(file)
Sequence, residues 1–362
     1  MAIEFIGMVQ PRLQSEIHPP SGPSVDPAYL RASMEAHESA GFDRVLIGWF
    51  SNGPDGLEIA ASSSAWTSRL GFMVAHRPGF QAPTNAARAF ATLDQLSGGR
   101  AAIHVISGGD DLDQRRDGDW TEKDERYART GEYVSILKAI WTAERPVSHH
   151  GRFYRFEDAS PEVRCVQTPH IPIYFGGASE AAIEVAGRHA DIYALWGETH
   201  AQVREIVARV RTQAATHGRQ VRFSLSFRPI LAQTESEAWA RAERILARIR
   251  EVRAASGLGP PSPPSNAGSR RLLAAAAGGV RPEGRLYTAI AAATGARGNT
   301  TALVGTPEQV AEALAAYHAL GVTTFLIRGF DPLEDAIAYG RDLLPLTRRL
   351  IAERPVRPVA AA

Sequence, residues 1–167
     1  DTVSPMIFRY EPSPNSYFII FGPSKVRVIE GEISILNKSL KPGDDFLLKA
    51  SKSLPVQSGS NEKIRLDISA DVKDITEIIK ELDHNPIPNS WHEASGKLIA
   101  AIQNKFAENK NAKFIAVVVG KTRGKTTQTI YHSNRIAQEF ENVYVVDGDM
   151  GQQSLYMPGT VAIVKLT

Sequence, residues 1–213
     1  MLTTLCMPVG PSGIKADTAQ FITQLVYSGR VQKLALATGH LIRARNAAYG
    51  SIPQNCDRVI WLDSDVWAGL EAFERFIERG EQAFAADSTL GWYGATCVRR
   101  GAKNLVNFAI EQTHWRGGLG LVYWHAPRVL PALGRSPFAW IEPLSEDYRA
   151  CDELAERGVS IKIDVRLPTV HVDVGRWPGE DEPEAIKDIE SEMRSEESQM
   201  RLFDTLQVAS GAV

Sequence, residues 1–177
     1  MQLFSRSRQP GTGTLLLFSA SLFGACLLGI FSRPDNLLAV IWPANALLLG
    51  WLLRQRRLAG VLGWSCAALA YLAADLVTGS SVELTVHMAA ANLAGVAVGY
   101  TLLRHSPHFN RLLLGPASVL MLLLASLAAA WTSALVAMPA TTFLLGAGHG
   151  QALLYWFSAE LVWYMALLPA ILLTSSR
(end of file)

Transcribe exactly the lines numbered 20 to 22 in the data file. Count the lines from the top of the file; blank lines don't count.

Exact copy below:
   201  RLFDTLQVAS GAV

Sequence, residues 1–177
     1  MQLFSRSRQP GTGTLLLFSA SLFGACLLGI FSRPDNLLAV IWPANALLLG